Another way to depict your debt is by documenting the amount of interest you are currently paying or you will be paying at the current rate of re-payment.
For most people, it is generally an eye-opener when they see how much money during their lifetime that they will be paying as interest.
Hopefully by seeing this, they will realize that unless they change their current lifestyle, they are working 24/7 to make the bankers richer by paying huge amounts of interest to service their debt.
Once they see the total of all their debt and the amount of time it will take to repay them at the current rate of repayment, hopefully they will be able to realize the problem and join you with your debt snowball program.
Always focus on the “why” aspect of getting out of debt.
Make sure you always seek out and include your spouse’s visions and dreams of what they like to do when both of you are debt free.
Communicate a lot, but never nag. When it becomes nagging, it will for sure alienate your spouse.
Create a vision board (see below) with your spouse. Revisit and update your vision board every month. Record and discuss the progress you are making. It is immensely helpful to work together when you have a common set of dreams and goals.
OK, there are those who read books and those who don’t. Some will refuse to read a book even if their life depends on it.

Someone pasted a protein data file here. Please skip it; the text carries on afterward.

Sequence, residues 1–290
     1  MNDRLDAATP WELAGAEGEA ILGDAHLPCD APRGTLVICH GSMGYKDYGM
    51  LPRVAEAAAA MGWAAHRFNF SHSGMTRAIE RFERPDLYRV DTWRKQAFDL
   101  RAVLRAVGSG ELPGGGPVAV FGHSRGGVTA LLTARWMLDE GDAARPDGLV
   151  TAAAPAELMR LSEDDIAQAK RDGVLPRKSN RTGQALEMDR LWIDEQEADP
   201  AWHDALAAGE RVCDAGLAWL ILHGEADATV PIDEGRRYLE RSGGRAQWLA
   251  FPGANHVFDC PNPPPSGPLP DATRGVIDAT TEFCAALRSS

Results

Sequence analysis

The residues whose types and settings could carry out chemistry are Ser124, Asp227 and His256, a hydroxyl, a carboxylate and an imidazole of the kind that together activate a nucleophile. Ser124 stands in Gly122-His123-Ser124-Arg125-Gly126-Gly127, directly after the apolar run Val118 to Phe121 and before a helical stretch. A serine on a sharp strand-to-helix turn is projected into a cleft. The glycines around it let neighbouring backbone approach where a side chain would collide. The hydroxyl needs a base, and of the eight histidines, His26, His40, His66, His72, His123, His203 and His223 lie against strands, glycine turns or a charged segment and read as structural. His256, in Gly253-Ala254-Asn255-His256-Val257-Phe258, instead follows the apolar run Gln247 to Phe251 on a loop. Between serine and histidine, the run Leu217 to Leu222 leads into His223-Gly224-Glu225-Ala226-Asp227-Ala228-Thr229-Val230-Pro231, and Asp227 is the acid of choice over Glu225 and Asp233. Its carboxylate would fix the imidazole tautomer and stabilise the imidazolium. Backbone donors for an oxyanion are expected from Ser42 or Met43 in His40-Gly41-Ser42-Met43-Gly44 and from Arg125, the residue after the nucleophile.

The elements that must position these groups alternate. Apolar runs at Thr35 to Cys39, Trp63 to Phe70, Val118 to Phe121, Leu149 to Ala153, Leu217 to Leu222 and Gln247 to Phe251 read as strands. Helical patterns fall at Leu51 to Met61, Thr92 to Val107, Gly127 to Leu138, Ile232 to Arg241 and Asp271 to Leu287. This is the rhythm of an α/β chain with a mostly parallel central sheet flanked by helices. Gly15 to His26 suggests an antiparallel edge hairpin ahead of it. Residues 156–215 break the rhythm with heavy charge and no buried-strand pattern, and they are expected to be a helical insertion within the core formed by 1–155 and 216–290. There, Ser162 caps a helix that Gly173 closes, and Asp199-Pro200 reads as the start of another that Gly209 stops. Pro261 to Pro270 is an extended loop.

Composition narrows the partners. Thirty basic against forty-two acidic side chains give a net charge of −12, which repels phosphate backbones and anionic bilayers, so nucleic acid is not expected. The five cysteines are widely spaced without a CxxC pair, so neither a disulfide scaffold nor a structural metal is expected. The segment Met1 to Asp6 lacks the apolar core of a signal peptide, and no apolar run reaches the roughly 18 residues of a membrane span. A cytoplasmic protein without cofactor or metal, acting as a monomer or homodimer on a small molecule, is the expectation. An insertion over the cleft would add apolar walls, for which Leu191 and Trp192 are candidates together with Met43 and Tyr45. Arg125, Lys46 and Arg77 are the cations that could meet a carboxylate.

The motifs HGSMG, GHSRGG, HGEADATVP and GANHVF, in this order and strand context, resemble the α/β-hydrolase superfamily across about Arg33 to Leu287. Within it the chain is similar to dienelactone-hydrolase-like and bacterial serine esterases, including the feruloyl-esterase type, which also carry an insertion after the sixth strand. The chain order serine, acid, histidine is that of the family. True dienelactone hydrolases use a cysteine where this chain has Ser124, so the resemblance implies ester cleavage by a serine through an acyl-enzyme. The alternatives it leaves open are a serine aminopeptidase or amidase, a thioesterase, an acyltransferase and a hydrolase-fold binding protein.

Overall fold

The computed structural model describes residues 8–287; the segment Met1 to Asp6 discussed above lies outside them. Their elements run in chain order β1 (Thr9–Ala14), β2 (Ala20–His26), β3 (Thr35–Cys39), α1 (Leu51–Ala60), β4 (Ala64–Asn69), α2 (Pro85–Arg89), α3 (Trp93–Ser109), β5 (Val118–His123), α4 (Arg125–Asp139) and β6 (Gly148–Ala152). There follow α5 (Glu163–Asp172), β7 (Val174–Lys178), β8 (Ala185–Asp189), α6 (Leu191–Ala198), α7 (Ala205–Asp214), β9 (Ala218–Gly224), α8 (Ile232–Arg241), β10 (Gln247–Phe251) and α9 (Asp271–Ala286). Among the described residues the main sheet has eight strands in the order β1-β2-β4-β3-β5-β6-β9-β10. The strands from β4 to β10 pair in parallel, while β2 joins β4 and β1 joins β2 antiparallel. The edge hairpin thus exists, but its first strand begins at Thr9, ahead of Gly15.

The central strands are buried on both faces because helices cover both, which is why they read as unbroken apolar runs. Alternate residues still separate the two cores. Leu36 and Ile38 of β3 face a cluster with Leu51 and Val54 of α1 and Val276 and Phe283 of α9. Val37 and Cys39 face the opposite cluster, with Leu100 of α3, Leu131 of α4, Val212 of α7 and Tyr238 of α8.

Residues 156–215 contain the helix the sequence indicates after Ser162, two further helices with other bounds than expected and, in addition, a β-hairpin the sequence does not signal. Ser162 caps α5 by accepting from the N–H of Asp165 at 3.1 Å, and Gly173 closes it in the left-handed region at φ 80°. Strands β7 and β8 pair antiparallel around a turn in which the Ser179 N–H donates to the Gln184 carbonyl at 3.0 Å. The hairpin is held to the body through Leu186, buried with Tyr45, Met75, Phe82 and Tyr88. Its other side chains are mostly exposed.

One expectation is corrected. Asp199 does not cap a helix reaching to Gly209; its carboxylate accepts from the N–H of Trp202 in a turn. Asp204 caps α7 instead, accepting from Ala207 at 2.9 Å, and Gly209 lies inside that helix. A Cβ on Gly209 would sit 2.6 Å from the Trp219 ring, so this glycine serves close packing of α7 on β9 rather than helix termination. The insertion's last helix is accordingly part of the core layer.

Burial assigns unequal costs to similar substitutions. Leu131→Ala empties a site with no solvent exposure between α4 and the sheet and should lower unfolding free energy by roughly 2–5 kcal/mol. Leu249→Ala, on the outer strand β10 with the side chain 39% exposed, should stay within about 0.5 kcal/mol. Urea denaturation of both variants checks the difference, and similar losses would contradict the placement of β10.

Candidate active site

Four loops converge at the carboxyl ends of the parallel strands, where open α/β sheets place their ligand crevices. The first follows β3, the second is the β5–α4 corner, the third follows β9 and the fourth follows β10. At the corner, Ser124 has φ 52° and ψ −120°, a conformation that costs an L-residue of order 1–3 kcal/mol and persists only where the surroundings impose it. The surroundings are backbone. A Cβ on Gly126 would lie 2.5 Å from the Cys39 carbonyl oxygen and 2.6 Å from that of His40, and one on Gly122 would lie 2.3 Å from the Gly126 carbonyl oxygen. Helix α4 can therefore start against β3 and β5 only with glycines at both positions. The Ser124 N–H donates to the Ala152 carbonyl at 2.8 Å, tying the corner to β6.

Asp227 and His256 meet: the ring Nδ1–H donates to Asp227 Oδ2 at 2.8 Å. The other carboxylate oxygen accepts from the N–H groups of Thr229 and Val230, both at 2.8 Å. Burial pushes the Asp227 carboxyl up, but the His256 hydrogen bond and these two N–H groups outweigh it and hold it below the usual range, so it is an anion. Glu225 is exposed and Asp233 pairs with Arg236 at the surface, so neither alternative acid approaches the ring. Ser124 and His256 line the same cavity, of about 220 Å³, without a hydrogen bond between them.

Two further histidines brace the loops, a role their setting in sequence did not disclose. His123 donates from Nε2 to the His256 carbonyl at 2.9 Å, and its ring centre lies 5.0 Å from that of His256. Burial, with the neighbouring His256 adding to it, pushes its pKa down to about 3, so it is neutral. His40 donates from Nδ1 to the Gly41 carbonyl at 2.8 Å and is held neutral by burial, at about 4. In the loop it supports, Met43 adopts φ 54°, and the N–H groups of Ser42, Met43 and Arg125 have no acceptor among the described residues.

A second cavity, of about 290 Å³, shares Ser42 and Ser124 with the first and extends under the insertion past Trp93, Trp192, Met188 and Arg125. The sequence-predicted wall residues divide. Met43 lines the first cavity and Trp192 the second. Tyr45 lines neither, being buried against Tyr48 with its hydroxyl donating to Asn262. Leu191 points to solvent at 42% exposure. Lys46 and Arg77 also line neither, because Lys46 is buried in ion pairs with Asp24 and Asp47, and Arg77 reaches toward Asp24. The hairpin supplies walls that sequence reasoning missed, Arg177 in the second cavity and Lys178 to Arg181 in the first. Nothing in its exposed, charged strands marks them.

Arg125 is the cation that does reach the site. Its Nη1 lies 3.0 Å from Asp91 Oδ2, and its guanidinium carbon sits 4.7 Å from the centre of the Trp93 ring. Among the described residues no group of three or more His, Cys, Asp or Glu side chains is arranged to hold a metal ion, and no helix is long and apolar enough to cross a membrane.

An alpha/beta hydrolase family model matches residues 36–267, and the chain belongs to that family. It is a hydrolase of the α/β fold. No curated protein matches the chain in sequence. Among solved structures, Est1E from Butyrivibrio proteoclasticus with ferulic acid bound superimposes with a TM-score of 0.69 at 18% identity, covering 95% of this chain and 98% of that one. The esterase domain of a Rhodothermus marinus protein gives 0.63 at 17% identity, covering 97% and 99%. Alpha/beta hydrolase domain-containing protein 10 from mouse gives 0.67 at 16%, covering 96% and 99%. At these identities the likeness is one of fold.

The same people can watch hours of videos without any problem.
There may be a third category of people who like human interaction in learning – who cannot learn from books or videos.
Depending on how your spouse would learn, you can try any of the following approaches, so that they can learn the pathway for a debt free life:
Some people (men especially) are like kids…. No wonder they like to watch the spectator sports very much and are excited about all the things surrounding it.
So, when discussing budgeting and other financial matters, use the team terminology and discuss about winning a debt free life and how to defeat the bankers in the interest payment game. Even if they are initially unwilling to join the effort, slowly they will join you so as to avoid being left out from all the fun of winning.
Keeping frequent scores (progress tracking) of your debt repayment successes (you can use our debt repayment progress charts here), and the amount of money you are saving by not paying the interest will keep them motivated.
When you need to buy an essential big ticket item, you can also create a friendly competition with your spouse to see who among you, can find the best deal for that purchase.
Another opportunity to add a game like spirit to your debt free journey is by challenging each other to see who among you can develop the best creative idea for a side income to increase your debt repayment.
Once you make it like a team sport and discuss the various winning strategies, hopefully they will feel the enjoyment (instead of hating it) and will get on-board.
Enthusiastically (with lot of positive energy) share the small successes you are making in your debt free journey.
Don’t take individual credit for those successes. Instead, show your excitement to celebrate the progress you as a family unit, is making towards a debt free life.
Once your spouse sees the successes your methods are bringing, they will start asking questions… Finally (and hopefully) they will get onboard to be part of that excitement and enthusiasm.